Atomic I/O letters column #117

Originally published 2010, in Atomic: Maximum Power Computing
Reprinted here June 9, 2011
Last modified 03-Dec-2011.
 

The flash-RAM anti-TARDIS

I made a foolish impulse bid or two on eBay the other week, and soon became the proud owner of two 32GB SDHC memory cards for around $24 each, free postage. They arrived in my hands a short time later; I opened the package... but something didn't seem quite right. In fact the only thing running through my mind was that I had bought counterfeit chips. Shouldn't there be some sort of cardboard packaging saying how fantastic it is? Why is there an air bubble underneath the sticker? How can the sticker claim this to be "Class 6" (the highest class) when it looks terribly boring (it's not shiny!)??

I ran off to Google and found that "h2testw" was the weapon of choice in testing whether an SD card was fake or not, and the results of course confirmed it was. Curse that seller's 99.2% positive feedback! The test reported "1.9 GByte OK 29.0 GByte DATA LOST" among other things.

I am wondering how they managed to trick the operating system into thinking a 1.9GB card is 32GB? Is this something I could do as a cool party trick? Could I "upgrade" the family's old 40GB hard drive to 1TB?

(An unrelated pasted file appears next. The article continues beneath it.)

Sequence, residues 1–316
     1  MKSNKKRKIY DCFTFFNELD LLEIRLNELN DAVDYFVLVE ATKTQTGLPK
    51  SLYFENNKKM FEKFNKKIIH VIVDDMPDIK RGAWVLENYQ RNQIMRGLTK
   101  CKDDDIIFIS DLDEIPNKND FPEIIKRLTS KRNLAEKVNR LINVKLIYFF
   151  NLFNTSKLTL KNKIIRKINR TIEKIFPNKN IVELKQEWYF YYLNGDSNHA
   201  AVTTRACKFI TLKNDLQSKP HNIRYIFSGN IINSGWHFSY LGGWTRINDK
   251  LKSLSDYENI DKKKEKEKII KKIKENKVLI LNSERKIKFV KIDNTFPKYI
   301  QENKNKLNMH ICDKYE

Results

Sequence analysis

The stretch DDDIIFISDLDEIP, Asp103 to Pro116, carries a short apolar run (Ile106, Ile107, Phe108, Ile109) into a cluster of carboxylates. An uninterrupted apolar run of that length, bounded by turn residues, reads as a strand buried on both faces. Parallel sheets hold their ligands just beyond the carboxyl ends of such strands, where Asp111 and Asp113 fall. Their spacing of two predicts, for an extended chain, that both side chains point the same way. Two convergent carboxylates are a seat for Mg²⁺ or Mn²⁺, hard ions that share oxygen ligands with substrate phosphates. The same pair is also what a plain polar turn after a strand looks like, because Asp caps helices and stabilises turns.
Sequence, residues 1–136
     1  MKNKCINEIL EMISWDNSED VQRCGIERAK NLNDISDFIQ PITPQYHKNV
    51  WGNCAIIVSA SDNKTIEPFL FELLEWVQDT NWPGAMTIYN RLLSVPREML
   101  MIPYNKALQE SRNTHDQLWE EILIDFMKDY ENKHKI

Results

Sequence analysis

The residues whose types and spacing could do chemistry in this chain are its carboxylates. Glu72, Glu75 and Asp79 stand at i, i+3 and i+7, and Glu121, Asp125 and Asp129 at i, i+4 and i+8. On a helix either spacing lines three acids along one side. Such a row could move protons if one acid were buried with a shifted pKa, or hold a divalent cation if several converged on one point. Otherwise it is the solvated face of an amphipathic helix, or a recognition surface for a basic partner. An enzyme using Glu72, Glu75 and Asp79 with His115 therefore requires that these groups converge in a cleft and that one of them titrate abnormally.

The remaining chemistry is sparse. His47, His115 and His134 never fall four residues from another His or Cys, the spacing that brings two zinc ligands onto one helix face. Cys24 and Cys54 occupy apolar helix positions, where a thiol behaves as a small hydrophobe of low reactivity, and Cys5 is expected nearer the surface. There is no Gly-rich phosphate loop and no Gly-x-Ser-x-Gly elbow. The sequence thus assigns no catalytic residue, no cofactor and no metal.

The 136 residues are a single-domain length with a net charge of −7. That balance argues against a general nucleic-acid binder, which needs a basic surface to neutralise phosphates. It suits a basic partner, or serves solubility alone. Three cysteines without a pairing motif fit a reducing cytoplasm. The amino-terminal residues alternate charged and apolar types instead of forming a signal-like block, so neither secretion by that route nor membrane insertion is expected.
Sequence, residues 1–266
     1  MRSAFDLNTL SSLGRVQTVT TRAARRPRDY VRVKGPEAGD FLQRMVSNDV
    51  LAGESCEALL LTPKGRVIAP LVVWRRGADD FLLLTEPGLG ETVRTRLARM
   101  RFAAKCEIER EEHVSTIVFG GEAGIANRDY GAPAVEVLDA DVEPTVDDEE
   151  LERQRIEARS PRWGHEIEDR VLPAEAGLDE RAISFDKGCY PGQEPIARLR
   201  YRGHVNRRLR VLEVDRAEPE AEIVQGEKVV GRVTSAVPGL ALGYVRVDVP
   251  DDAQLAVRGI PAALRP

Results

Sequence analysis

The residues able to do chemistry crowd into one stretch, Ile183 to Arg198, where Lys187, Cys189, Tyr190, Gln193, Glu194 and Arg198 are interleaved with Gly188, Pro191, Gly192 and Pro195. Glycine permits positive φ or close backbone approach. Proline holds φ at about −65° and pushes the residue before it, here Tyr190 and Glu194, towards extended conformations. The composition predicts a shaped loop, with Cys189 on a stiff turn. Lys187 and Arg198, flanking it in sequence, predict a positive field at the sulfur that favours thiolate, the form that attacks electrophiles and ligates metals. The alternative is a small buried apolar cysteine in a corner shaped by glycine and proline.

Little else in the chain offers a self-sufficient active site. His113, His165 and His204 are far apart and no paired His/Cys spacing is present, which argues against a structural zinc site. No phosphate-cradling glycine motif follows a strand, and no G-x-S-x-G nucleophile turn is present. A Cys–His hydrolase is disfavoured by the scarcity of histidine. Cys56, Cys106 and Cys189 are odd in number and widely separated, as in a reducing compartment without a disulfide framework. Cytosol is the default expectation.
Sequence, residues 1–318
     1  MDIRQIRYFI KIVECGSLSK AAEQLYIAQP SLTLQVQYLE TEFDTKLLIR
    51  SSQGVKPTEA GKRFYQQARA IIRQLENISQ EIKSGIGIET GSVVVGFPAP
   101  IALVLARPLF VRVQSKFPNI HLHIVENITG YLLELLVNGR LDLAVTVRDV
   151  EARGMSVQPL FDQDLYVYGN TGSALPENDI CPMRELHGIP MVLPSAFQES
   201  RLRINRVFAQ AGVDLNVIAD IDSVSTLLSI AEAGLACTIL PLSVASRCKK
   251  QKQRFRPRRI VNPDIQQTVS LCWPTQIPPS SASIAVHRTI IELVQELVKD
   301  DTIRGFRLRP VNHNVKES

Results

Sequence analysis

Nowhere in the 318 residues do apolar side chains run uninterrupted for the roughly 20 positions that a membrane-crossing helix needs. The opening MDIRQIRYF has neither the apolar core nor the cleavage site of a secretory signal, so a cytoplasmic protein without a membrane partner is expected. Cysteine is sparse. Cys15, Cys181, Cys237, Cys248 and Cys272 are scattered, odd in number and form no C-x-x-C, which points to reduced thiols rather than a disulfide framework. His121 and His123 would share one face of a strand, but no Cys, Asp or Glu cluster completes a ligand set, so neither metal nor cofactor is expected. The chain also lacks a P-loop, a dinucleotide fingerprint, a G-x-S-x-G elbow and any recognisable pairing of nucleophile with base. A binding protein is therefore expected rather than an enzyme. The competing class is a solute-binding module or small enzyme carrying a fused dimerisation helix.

James

h2testw reporting bad news
H2Testw, the Bearer of Bad News.

Answer:
It's quite easy to, with the right firmware-burning software, tell a memory card or USB stick to report a much higher capacity than it actually has. This is the way this irritatingly common scam always works. The card or thumb drive really does have some memory on it, and the real memory is at the "front" of the device, the first to be filled.

So, at first, these devices seem to work, and the scam artist responsible gets good eBay feedback (though they often fold up their eBay/PayPal accounts and steal away into the night, if you file a dispute).